Thirteen year old Max is not one bit happy his parents have moved from Washington D.C. to spend a year working in Brussels. To make matters worse, Max has to repeat grade six in a French school. The boys in his class make fun of him and the only one who helps him with his French is Farah. But Max’s life takes a dramatic turn when he discovers a Syrian refugee hiding in their cellar. Will he tell his parents or will be inspired by a neighbour, Albert Jonnart who hid a Jewish child during the WW11?
A well crafted YA novel that examines the challengers facing refugees and the fear and prejudice in the countries they move to.
When Joy’s father commits suicide and she learns a secret Aunt May and her mother, Pearl have hidden from her all her life, she leaves Los Angeles and enters China. She hopes to forget her life back in America and find her birth father. Joy is elated by her father’s status and by village life under Mao. After Pearl reaches China in search of her daughter, she finds Joy dazzled by a poor country peasant and nothing she says can convince Joy of her ill fated match.
May and Pearl are characters from Shanghai Girls. Now the tale continues a generation later and is just as riveting.
While the Hapwell children, Phillippa, Jamie and Evelyn wait for their parents to dash into their London bomb shelter, they are mysteriously whisked away to another world — The Woodlands. But after five years with the Woodland creatures Phillippa and Jamie are desperate to return to their world. The readjustment to their original ages when they are transported home is hard on the three of them. For Evelyn who hardly remembers her previous life, it is the most difficult. Will she be able to cope back in England when she cannot breathe a word of her life in the Woodlands?
With the world nearly at an end from global warming, First Nation people are hunted for their bone marrow. When the Recruiters discover Mitch and Frenchie’s hideout, Mitch sacrifices himself to allow his younger brother to flee. Fenchie escapes and heads into Northern Canada until he is found by a group of First Nation escapees trying to avoid capture and certain death. But can they avoid the new schools that remind the elders of residential schools where they will be slaughtered for their bone marrow?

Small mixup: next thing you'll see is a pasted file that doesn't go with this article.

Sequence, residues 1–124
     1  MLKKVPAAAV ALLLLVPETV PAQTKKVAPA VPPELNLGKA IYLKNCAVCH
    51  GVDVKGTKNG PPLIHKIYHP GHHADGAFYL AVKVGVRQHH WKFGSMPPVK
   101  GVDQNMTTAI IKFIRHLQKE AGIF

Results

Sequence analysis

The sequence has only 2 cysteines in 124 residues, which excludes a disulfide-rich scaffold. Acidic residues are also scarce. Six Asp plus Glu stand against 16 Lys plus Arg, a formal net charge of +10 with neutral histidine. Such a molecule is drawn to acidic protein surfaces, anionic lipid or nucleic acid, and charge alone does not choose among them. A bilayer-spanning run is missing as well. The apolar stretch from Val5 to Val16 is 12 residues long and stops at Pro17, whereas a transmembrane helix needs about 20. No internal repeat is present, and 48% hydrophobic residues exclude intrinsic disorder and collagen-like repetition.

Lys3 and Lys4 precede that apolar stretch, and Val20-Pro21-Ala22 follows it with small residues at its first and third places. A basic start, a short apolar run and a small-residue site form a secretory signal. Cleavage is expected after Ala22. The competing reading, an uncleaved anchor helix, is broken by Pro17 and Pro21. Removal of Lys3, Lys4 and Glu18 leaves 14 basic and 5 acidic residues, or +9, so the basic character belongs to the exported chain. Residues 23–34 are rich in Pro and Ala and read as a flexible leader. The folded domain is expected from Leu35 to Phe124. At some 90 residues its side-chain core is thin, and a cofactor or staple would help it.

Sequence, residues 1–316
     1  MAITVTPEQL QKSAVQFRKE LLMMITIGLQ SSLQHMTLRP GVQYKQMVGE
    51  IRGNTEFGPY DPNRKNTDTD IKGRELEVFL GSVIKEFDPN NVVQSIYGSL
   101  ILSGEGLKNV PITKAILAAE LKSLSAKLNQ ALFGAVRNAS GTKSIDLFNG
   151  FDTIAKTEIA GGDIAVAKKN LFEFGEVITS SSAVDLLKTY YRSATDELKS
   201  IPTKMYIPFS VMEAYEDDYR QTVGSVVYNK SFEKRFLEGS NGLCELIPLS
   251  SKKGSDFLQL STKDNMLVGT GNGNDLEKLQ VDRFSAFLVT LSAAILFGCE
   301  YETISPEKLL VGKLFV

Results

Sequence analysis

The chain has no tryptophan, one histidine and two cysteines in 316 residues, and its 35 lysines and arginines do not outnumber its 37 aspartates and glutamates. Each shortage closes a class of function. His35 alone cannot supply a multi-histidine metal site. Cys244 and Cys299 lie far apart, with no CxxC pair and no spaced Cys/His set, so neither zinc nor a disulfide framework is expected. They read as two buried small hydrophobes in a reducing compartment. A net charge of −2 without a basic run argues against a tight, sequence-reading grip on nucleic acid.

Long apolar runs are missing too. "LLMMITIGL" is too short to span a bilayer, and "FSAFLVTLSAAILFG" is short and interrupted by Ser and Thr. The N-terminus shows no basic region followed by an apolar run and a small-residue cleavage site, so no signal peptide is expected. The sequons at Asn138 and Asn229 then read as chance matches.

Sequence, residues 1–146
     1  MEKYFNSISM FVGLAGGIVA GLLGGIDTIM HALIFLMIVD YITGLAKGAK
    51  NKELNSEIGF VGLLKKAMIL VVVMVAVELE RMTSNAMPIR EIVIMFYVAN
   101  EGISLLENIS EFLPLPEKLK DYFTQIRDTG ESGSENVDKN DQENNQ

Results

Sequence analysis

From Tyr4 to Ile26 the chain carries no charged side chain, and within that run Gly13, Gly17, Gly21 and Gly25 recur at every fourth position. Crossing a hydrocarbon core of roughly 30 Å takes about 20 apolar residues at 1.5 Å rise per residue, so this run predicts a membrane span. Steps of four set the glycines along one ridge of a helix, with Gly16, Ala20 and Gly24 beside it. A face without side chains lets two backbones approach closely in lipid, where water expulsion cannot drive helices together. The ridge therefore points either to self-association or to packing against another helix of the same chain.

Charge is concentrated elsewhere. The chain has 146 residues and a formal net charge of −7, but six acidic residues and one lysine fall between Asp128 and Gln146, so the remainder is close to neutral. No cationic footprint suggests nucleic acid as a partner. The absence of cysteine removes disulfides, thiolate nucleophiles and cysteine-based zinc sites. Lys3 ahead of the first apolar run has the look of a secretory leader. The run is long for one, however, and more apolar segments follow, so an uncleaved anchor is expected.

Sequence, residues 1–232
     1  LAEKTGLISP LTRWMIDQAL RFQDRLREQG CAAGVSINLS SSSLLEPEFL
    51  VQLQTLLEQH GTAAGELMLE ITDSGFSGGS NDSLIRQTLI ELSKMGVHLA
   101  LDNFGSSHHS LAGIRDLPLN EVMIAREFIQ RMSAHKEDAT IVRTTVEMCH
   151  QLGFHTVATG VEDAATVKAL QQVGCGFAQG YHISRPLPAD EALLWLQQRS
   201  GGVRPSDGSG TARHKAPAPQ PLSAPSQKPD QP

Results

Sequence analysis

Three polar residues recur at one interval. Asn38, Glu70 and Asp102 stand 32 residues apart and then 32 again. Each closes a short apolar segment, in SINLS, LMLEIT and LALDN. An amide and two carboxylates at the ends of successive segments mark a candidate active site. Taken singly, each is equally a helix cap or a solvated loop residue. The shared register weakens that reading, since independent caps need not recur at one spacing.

In 1943 Hana, a haenyeo rushes from Jeju Island’s sea to save her younger sister, Emi from capture by Japanese soldiers. In her place, Hana is kidnapped and sent on a long journey north to become a comfort woman. But before she arrives at the northern brothel to service Japanese soldiers she is raped by her captor, Morimoto.
This is a well written but a difficult read because the story is based on what happened to from 50 000 to 200 000 Korean women during WW11.
A Man Booker prize winner, this novel traces Pi Patel’s journey from Pondicherry by sea. His father has brought the animals from the zoo they once owned in the coastal city, but not long into the journey, the boat sinks and Pi and a few of the animals are the only survivors.
While the movie of this book was beautifully filmed with a well chosen cast, it failed to capture the philosophical essence that made the book a memorable read.
When the Fong’s estate near Shanghai is sold and the Yangs arrive, Jialing’s mother disappears and Jialing becomes a bond servant to the new family. Through her friendship with the spirit fox and Anjuin, the Yangs oldest daughter, she survives. A group of teachers rent a section of the estate and Jialing is given an opportunity to go to school. But even with her education and perfect English no one will employ her because she is zazhong— half Chinese, half Eurasian. How will she survive once the Yangs move to Shanghai leaving her behind?